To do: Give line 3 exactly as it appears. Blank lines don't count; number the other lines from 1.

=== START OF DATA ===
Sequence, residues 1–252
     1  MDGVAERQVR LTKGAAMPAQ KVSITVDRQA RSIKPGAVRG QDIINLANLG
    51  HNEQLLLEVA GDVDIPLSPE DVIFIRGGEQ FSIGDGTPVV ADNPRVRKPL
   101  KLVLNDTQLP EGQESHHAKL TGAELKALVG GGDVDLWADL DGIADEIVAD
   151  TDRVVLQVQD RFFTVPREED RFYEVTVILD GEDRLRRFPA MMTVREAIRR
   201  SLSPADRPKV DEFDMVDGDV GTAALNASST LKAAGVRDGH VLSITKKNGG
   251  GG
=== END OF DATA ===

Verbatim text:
    51  HNEQLLLEVA GDVDIPLSPE DVIFIRGGEQ FSIGDGTPVV ADNPRVRKPL